In other words, van 104, which carries the iLO traffic, wasn't being trunked back to the router, so it wasn't accessible from anywhere else on the network. As soon as I added vlan 104 to the trunk port I was able to ping the iLO ports from outside that vlan.

I have to say, I feel pretty good about myself for catching that.

Tuesday, November 10, 2015

Cisco Lab

The equipment I ordered to use in my CCNA studies arrived yesterday. As expected, the switches and routers show some wear but overall, they look to be in good shape. The 12U rack is new and went together without too much trouble. It came with a bag of 8x32 rack screws.

I mounted the three Catalyst 2950 switches at the bottom. Incidentally, the auction description said that they would be 24-port switches, but as you can see from the picture, I was shipped 48-port units. I suspect that's what the seller had handy.

Because of how Cisco designed the 1841 router case, I mounted them backwards in the rack so that I have easy access to the ports. I decided to leave 1U between them for routing the power cords. I still have room for a couple more devices such as a server or a 1U power strip.

ASSuming I get the CCNA, if I go on towards my CCNP I'll probably replace at least one of the 2950s with a Layer 3 switch that can route traffic between VLANs. That's a little while down the road, however.

I plan to fire up everything after work tomorrow.

Monday, November 09, 2015

Teaching An Old Dog New Tricks

One of the challenges of a career in IT is keeping up to date and learning new skills. For the past 14 months or so, I've managed the primary lab/data center at my employer's corporate HQ, but have relied upon a couple other guys to handle the network. I'd like to take over the network, which mostly runs on Cisco equipment. So, I decided it's time to get my CCNA certification as a way to get my feet wet.

For texts, I went with Wendell Odom's CCNA Routing and Switching 200-120 Official Certification Library. Additionally, the Free CCNA Workbook site has a variety of lab exercises to do.

Although I'll be able to work on real equipment I felt it would be prudent to learn on gear completely separate from my lab network. My first step was to download and install the GNS3 router emulator on my laptop. I was able to find some usable Cisco images by exercising my Google-fu.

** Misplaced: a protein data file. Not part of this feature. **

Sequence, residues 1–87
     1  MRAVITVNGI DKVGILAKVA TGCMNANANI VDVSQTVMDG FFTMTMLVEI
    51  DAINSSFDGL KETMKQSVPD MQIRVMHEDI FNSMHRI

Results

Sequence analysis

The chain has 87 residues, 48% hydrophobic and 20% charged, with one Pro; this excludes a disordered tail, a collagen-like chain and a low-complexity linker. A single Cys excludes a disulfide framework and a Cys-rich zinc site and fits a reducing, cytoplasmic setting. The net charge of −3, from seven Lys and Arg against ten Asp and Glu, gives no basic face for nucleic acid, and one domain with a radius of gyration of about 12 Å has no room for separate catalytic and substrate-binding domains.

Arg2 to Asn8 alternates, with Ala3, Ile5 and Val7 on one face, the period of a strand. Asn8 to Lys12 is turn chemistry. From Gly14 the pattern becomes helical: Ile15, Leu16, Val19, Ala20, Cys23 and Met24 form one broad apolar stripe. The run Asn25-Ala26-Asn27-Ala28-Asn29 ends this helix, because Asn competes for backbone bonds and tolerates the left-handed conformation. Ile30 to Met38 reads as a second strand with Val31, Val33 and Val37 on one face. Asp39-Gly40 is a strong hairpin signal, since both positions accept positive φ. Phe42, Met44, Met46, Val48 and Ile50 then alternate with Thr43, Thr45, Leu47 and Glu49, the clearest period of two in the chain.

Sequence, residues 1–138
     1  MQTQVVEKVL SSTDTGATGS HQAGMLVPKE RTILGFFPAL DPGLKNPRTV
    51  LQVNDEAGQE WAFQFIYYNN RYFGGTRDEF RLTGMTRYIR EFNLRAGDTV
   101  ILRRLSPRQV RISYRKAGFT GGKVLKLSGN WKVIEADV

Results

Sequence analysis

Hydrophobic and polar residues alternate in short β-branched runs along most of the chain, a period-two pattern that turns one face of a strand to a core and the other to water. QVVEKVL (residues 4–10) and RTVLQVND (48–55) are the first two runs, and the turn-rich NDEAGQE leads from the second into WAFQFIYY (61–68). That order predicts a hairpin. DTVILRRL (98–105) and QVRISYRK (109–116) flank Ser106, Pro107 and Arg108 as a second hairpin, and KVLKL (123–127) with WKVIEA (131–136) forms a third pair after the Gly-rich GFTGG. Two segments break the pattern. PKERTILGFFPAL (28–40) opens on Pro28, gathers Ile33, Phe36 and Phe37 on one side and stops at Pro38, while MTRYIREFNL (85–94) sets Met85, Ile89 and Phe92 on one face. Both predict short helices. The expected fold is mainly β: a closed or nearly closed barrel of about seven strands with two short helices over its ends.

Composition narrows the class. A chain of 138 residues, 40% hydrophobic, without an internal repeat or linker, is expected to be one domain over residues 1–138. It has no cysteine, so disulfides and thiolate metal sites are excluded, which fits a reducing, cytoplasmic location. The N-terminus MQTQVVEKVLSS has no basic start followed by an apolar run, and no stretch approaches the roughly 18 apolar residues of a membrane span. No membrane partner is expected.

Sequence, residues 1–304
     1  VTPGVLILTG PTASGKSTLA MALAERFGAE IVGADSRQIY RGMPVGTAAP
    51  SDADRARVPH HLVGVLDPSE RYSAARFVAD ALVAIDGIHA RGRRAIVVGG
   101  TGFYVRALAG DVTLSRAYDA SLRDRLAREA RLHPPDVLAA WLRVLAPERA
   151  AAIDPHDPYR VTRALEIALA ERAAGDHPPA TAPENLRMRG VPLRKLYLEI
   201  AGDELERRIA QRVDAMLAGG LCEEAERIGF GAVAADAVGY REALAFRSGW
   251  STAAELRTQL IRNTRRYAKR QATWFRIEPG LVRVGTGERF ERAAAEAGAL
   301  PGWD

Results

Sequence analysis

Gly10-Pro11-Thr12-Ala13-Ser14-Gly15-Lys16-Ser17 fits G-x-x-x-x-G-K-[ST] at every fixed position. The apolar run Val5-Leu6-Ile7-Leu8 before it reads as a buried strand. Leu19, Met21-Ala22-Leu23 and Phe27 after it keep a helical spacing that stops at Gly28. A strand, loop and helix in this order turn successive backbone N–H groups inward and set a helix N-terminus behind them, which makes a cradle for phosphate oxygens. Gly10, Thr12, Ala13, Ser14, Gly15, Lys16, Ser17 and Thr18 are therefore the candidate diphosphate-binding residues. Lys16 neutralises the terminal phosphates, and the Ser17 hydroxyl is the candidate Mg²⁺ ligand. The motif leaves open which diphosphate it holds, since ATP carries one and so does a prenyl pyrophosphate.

But I also wanted physical hardware to bang on. eBay is full of used Cisco gear. This post on Reddit was helpful in deciding what to buy (and what to avoid). Using that, I ordered a kit off eBay containing three Catalyst 2950 switches and three 1841 routers, plus various cables and T1 WICs, and a desktop rack.

One thing you need when working on initial device configuration and sometimes for troubleshooting is a console cable. Most laptops no longer have a serial port, so I and my coworkers have been relying on USB-to-RS232 adapters, mostly the Keyspan USA-19HS. However, I recently found FTDI chipset based USB-to console cables and got one of them. So far, it's been working fine in OS X Yosemite and El Capitan.

Wednesday, October 07, 2015

The Framers of the Constitution Accepted Private Ownership of Fully Armed Warships

One of the canards trotted out by anti-gunners after every mass shooting is that the Framers could not have envisioned the power of modern weaponry, so that the Second Amendment does not protect civilian ownership of "assault weapons." All you need to refute that argument is that the Framers did indeed accept the private ownership of military weapons is to point out Article One, Section Eight, Clause Ten of the Constitution:

The Congress shall have Power To lay and collect Taxes, Duties, Imposts and Excises, to pay the Debts and provide for the common Defense and general Welfare of the United States; but all Duties, Imposts and Excises shall be uniform throughout the United States;
To declare War, grant Letters of Marque and Reprisal, and make Rules concerning Captures on Land and Water;

Emphasis added.

So what is a Letter of Marque and Reprisal? Essentially, it was a government license to attack, capture, and sell enemy ships. The letter of marque is what distinguished a privateer from a pirate. In order to do that, you need an armed ship yourself. Letters of marque weren't issued to US Navy ships, they were issued to the private owners ships who would outfit them for privateering, including naval artillery.

In the 18th and 19th Centuries, an armed warship was the closest thing extant to a weapon of mass destruction. And we haven't discussed the private ownership of artillery on land or inland waterways, which was common through the 19th Century. E.g., flat boat-mounted swivel guns used by fur traders in the West.

So can we agree that the Second Amendment does protect the right to own military weaponry, just as the First Amendment protects your right to spout uninformed bullshit on the Internet?

Thursday, August 27, 2015

Free Book Download from Sparks 31

I've been following Sparks 31's blog for awhile now, and bought his book Communications for 3%ers and Survivalists. He's decided to make the full text of that book and his other tome, The Modern Survivalist available as one PDF, for free.

It's worth a gander.